In hindsight the referendum was the wrong referendum (leaving the EU doesn’t answer people’s primary concerns) and wrong time to have it (leaving to form closer relations with Trump’s America was very different prospect to Clinton’s America to name one world election going on just after we brexited) so Danny Dyer was spot on in his summary of Cameron.

  • David Evershed 4th Jul '18 - 8:07pm

    We need to distinguish between Europe, a continent, and the EU, an organisation.

    You can be anti EU without being anti European.

    You can be anti European without being anti EU.

  • Martin Land 4th Jul '18 - 8:43pm

    @ David Evershed. I’m anti Israel but still get accused of being anti-semetic.

  • Peter Watson 4th Jul '18 - 9:17pm

    Hmmm.
    What about another Yougov poll.
    It showed:
    – 54% think leaving the EU would be risky vs. 34% safe.
    – 40% think leaving the EU would make Britain worse off vs. 23% better off
    – 36% think leaving the EU would be bad for jobs vs. 22% good
    – 29% think they would be personally worse off financially on leaving the EU vs. 10% better off
    – 51% would vote to remain in the EU and 49% would vote to leave
    That Yougov poll was published the day before the Referendum (https://d25d2506sfb94s.cloudfront.net/cumulus_uploads/document/atmwrgevvj/TimesResults_160622_EVEOFPOLL.pdf)

  • William Fowler 5th Jul '18 - 7:35am

    Winning a second vote would still be tight and get even tighter after the press portrayed EU as bullying the UK (even if not true). If the EU were to be magnanimous, offer decreasing payments into the EU over time, tough residence test for benefits etc access, and outlined how UK would be a member on outer edge whilst the Euro zone became more integrated then that would get things moving in the right direction for a second vote.

  • Peter Watson 5th Jul '18 - 8:23am

    On polling, I am struck by the failure of the Remain campaign in general and Lib Dems in particular to make any significant progress.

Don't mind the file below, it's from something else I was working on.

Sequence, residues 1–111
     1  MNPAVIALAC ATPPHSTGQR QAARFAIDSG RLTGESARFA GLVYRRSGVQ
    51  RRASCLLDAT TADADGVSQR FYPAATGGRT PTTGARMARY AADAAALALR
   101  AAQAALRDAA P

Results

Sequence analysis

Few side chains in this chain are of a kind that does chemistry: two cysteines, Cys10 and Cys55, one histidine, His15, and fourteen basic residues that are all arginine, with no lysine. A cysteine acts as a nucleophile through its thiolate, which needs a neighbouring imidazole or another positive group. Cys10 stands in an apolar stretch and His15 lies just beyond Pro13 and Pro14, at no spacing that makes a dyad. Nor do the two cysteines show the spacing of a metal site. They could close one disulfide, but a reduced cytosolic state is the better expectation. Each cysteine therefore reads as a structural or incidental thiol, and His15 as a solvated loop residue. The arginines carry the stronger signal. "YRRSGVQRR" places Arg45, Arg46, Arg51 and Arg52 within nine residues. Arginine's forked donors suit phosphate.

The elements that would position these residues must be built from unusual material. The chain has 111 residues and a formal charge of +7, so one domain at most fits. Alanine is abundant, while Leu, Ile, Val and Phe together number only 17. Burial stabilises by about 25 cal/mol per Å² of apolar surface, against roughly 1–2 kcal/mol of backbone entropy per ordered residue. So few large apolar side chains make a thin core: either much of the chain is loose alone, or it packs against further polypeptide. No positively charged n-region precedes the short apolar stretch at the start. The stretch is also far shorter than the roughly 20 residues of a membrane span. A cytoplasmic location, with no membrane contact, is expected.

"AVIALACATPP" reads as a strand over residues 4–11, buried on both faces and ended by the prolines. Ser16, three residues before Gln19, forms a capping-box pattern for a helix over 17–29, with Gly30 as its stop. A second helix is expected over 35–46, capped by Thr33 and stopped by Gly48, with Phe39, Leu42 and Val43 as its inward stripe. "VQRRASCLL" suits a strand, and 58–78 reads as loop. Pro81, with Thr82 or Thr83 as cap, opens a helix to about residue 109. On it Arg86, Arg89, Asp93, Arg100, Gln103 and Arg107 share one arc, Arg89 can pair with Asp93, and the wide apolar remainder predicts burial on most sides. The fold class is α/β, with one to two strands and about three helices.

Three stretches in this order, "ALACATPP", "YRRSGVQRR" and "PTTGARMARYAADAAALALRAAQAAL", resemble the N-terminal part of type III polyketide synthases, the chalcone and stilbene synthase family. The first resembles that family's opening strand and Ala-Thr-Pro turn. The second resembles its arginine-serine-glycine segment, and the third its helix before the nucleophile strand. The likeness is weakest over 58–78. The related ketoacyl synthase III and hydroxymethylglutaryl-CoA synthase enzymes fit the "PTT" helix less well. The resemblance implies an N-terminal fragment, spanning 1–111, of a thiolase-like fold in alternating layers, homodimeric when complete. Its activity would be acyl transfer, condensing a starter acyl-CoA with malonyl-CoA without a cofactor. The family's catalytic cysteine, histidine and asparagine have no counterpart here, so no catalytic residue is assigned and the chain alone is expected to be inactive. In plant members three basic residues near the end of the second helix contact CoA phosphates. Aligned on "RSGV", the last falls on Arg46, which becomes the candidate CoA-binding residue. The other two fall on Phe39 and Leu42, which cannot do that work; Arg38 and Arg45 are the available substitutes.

The Referendum was two years ago. Since then, regardless of whether one wants Brexit or not, the positions of the Government and Opposition have looked confused and fudged, the UK’s position in negotiations has looked weak, we’ve had two more years of project fear and bad publicity for the likely outcomes, and what Brexit means looks no more certain than it did in 2016
    Similarly, the Coalition ended more than 3 years ago. Since then we’ve had a Tory (Torier?) government that brought us the chaos of the referendum and Brexit facing a bitterly divided Labour party under a leader attacked by all parts of the media.
    Yet despite all of this, polls on Brexit have not changed significantly and support for the Lib Dems has not recovered significantly. And when I write “not significantly”, it could well be “not at all”.
    Surely both Remain and Lib Dems should be doing much much better by now, so both need a change in strategy before it is too late, For Remain I would suggest a charm offensive with a positive case being made for how great it is to be in the EU, and for Lib Dems I would suggest a more assertive and obvious distancing (apologies, perhaps?) from the impression given of the party during Coalition. But then I’ve been suggesting both things for a very long time now.

  • Andrew Daer 5th Jul '18 - 8:26am

    These polls largely pre-date the recent spate of announcements from business leaders saying Brexit will be bad for jobs and the economy. What we have heard from Airbus, BMW and JLR could have been decisive before the referendum, but for people who have already voted leave the problem is how to incorporate these dire warnings into their view of the world – without having to admit they made a mistake. Blaming Europe is the easy answer, as usual. Some (like Tory MP Jack Lopresti, whose constituency contains Airbus workers) claim EU governments are conspiring with Airbus and BMW to scupper Brexit, and others are positioning themselves for a future blame game – “Brexit was a good idea, but the EU (or a feeble Tory government) made it impossible for us to negotiate a good deal”. Leave voters are only human, and rationalising bad decisions is something we all do.
    In order to prevent Brexit, we need to convince people to look at what they are telling themselves, and try to realise that they are not looking rationally at the evidence, of which there is now a growing mountain. Virtually all of it shows Brexit to be not only the wrong decision to solve the problems this country faces, but one which will make most of them considerably worse.